Missing the target.

One of the most fascinating religious processes is the ongoing production of various Protestant theologies and systems.

Some Protestant organizations came from political pressure. The Lutherans and Anglicans typify religions produced by political authorities. Rulers wanted to keep money from being sent out of their countries, thought they should control the appointment of bishops, and, in general, wanted to be in charge of everything. So, a few of them invented and installed their own religions. Often, they used the same titles and structures of The Catholic Church. Great pressure was put on Catholics to convert to the new religions. Many were able, in the soul-test of their times, to remain faithful.

Other groups came from reaction to the state-approved Protestants. These include the Quakers, Puritans, Methodists, and Presbyterians in England; Baptists, Mennonites, and Calvinists on the Continent.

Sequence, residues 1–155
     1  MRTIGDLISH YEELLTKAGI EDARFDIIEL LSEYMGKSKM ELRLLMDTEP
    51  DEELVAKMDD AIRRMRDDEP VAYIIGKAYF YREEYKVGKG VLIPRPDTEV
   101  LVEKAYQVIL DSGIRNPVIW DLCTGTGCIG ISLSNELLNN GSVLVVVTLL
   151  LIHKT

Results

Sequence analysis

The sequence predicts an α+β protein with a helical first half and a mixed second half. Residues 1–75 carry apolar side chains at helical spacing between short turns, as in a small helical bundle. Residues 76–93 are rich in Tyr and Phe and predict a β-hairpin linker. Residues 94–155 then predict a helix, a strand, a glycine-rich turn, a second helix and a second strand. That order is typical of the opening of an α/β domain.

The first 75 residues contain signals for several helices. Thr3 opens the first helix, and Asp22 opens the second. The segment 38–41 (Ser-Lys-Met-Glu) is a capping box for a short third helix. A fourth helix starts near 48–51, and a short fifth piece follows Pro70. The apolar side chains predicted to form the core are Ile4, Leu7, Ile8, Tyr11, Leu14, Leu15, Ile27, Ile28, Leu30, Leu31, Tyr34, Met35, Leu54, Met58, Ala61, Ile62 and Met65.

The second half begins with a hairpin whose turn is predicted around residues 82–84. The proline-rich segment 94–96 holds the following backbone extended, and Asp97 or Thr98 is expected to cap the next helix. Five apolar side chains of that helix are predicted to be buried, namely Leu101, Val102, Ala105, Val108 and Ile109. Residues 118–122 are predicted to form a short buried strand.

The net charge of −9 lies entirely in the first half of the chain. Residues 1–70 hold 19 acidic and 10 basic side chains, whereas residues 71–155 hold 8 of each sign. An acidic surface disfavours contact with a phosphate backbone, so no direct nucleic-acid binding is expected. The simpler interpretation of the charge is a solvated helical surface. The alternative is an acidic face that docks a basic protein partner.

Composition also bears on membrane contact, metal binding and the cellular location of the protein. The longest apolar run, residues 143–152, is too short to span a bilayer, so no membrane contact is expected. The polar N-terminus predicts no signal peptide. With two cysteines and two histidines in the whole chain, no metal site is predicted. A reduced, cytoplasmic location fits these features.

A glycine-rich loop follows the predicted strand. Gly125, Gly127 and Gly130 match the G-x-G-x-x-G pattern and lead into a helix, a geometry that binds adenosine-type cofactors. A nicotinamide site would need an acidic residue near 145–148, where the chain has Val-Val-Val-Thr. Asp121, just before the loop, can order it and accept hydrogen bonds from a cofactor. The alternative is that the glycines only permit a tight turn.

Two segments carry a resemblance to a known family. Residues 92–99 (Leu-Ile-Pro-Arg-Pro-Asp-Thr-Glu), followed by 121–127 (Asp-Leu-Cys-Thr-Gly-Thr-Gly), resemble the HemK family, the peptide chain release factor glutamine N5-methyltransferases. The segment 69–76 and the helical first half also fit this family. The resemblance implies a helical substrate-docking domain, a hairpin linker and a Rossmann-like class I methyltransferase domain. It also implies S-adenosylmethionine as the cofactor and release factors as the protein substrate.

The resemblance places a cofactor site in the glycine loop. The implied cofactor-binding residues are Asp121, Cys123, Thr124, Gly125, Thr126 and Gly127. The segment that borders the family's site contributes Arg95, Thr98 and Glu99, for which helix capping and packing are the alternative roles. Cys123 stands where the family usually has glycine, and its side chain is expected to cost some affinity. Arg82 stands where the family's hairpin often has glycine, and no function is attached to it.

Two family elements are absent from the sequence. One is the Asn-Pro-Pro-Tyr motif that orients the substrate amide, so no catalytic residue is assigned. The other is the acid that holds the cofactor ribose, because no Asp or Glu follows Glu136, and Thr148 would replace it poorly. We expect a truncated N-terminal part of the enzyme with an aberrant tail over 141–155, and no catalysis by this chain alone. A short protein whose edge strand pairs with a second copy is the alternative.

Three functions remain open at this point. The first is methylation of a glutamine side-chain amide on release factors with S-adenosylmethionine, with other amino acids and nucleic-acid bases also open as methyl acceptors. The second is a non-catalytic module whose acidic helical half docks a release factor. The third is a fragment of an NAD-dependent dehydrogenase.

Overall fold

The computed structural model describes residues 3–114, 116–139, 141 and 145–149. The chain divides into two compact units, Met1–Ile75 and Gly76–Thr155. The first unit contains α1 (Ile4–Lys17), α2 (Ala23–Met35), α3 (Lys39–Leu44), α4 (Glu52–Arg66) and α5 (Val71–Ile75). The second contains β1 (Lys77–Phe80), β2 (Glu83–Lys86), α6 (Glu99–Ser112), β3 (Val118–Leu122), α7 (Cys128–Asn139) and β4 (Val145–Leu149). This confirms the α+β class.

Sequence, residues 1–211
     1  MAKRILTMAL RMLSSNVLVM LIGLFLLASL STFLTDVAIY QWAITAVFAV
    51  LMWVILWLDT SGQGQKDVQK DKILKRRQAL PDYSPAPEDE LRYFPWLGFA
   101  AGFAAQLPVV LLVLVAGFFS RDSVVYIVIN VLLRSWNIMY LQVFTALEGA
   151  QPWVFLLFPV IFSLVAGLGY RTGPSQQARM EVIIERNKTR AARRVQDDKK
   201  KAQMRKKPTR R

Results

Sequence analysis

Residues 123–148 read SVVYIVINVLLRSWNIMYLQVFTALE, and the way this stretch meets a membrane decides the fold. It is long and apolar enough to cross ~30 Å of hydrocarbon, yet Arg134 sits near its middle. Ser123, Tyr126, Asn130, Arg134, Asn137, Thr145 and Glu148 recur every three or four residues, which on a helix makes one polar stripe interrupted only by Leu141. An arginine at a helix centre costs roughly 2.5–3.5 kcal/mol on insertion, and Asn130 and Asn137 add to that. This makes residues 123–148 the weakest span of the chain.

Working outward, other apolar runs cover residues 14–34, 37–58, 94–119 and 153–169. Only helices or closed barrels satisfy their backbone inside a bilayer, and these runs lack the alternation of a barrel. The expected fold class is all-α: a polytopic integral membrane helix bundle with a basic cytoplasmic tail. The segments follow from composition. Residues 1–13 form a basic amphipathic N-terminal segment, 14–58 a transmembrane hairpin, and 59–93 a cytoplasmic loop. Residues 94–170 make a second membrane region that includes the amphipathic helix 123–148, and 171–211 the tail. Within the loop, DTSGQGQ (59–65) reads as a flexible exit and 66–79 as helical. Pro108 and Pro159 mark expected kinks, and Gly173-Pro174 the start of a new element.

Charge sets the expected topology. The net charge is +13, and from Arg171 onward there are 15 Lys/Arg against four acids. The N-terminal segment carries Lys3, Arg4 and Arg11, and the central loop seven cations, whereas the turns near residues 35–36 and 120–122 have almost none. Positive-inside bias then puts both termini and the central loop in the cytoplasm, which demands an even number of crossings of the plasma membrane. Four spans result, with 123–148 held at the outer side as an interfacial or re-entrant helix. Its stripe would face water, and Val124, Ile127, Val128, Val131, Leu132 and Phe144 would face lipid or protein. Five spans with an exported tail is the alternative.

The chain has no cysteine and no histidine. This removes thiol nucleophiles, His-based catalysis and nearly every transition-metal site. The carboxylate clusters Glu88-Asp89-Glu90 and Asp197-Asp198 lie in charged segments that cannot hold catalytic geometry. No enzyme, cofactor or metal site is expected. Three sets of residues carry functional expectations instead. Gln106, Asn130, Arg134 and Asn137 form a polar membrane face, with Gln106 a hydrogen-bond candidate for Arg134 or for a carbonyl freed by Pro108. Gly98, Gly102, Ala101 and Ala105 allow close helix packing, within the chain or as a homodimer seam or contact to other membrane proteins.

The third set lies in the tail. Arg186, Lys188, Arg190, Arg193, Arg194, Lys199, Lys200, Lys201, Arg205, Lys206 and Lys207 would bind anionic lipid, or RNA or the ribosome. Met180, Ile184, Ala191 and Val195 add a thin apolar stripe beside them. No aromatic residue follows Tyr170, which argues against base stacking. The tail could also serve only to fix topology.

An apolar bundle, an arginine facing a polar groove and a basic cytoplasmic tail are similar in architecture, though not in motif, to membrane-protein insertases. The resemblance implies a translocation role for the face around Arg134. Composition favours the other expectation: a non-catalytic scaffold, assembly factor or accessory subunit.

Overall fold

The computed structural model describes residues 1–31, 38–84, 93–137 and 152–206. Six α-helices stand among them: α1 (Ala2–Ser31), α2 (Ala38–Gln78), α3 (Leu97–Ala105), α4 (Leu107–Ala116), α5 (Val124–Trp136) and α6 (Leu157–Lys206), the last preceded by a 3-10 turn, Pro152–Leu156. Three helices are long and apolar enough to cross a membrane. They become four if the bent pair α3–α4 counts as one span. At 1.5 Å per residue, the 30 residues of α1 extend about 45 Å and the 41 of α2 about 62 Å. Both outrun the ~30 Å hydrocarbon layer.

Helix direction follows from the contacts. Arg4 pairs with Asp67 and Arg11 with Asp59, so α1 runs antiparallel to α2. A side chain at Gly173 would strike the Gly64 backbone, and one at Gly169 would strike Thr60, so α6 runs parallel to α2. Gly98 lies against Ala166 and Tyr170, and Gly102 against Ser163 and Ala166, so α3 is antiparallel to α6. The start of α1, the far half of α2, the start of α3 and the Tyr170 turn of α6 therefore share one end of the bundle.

Still other denomications came from a desire to obtain more direct political power. The Moslems, largest of the Protestant religions, reduced Jesus to the status of a prophet to help their appeal among the Catholics in the many countries they conquered. Their holiest book has a great deal in it about dividing up loot, enslaving, and controlling. Parts of it are a manual for conquest.

The United States was fertile ground for new religions. Shakers, Mormons, Dispensationalists, and literally thousands of other groups were formed, each appealing to people with particular inclinations. Individual tendencies were justified with what often appeared to be Christian ideas. Countless millions wandered off, lost among the towering egos of their leaders.

Denominations that believe in The Trinity are closest to God. If the Roman Catholic Church is visualized as the center of a target, the Trinitarian denominations are in the circle around it. Beyond that circle, chaos increases.